the top 10%, which are not arguing against, to try to make it look like


the rich are doing their bit as well. I don't think things like that


affect David Cameron. I think people accepted from Nick Clegg. He said we


won't balance the books on the backs of the portals of that exacted what


they have done. Things are becoming more expensive, particularly food.


Salaries aren't going up. A problem with inflation. Next, hopefully,


with inflation. Next, hopefully will be a lot better. Very briefly,


sorry to put you on the spot, but do you feel more families will be


struggling in retirement as well? Presumably, one of the things they


do fall back on his pension payments. Yes, there has been an


issue on pensions. And there will continue to be. Although pensioners


have been probably better protected than some of the other areas of


society, we started off from a very low base but there is definitely an


issue with low paid workers, it s not clear whether these are


part`time workers or not. There's another report around... Its


underemployment. There's another report around from the Joseph


Rowntree Foundation who show 6.7 Rowntree Foundation who show 6.7


million people who are in poverty but working. Extraordinary. The idea


that workplace, doesn't ring true. Onto the financial Times. Two very


interesting stories on the front page. A remarkable image of the


statue of Lenin being knocked down in the Ukraine. We haven't seen a


protest this pic in the Ukraine since the Orange Revolution in


Independance Square. Extraordinary pictures coming out this evening. A


sinister development. The security services have launched a criminal


investigation into activities aimed at overthrowing the government. I


think we can all begin to imagine what that might involve, the grim


news. Basically, they want to go into the EU. I think Russia is


putting pressure on the Ukraine. into the EU. I think Russia is


putting pressure on the Ukraine. I putting pressure on the Ukraine. I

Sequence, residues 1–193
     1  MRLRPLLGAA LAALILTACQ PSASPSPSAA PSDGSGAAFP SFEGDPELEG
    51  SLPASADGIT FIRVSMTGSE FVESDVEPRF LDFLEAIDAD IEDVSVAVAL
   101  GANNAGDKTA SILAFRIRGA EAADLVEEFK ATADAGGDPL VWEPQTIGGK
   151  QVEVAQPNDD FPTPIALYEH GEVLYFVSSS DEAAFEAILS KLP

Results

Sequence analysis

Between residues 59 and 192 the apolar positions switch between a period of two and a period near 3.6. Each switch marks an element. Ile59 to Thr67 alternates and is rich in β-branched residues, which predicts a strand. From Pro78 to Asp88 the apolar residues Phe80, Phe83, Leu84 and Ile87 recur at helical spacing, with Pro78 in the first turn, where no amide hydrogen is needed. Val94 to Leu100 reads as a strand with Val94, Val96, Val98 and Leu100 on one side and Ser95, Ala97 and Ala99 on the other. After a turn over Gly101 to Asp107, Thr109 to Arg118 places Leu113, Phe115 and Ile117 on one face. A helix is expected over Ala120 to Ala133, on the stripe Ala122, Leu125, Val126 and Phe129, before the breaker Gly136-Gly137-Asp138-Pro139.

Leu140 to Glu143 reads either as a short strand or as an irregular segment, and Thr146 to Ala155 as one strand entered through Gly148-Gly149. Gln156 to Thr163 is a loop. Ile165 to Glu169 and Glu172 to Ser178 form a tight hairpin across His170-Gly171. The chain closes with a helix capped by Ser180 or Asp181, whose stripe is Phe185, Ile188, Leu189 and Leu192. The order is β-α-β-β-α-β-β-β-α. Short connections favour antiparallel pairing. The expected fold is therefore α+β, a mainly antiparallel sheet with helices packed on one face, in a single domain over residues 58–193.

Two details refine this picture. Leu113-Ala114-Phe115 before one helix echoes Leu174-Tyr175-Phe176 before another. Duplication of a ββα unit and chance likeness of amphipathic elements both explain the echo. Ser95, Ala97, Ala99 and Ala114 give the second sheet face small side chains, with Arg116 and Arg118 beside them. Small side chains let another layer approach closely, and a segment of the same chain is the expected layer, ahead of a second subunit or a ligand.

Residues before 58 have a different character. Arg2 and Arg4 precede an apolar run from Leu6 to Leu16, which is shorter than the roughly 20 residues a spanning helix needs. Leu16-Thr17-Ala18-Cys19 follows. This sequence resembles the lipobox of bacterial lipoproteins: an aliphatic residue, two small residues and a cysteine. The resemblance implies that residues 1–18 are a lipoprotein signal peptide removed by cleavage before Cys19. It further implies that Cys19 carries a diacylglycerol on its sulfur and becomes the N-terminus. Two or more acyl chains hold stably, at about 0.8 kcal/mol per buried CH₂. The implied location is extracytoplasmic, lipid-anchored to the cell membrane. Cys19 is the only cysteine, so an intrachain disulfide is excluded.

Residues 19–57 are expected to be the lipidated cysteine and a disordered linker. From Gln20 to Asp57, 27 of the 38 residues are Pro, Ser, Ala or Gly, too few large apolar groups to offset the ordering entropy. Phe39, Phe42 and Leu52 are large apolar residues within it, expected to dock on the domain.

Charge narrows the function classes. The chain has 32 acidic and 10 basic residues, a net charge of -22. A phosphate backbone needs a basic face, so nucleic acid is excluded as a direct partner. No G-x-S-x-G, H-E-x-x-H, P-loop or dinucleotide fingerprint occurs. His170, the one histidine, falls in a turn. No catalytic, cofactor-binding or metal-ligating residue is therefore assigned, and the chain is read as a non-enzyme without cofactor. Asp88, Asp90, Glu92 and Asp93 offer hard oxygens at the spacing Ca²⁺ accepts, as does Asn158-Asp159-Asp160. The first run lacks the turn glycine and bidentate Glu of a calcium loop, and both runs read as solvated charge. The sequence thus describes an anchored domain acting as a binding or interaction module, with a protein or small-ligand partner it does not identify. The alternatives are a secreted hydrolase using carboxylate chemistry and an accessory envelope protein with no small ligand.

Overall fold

don't think it's about going into the EU but a sense of national


identity as well. If they are closing up to Russia, it's too much


like the old days. They want to sign a deal which would mean a closer


deal with the EU. And Moscow went mental. This country has just hosted


2012. Very scary. The other story, supermarkets want independent


Scotland will pay more for food. Another foreign country if we're not


careful. This is interesting because what is significant about this as


it's the first time we have heard unnamed business organisation


talking about the impact of independence. For various reasons,


understandable, people are quite reluctant. Andy Murray doesn't want


to say doesn't want to say doesn't want to see Scotland breakaway


because he will get all sorts of flak from the Scottish Nationalists,


but we have got various supermarket chains here, Tesco, Asda, Morrisons,


Sainsbury's, adding their heads above the parapet and saying, look,


at the moment, we factor in the extra transport costs for food and


averaged across the UK. If Scotland goes independent, we will put up


grocery prices and that's the kind of thing which will hit home. We


will see a lot of headlines therefore the spokesman from the


Scottish governance that was no reason for retail prices to rise,


transferring the Panasonic to proposals for lower corporation tax


and fuel duty as well. So thank you very much for that we have run out


of time but we will be doing it again in one hour. Thank you both.


But coming up next, on BBC News, it is Click.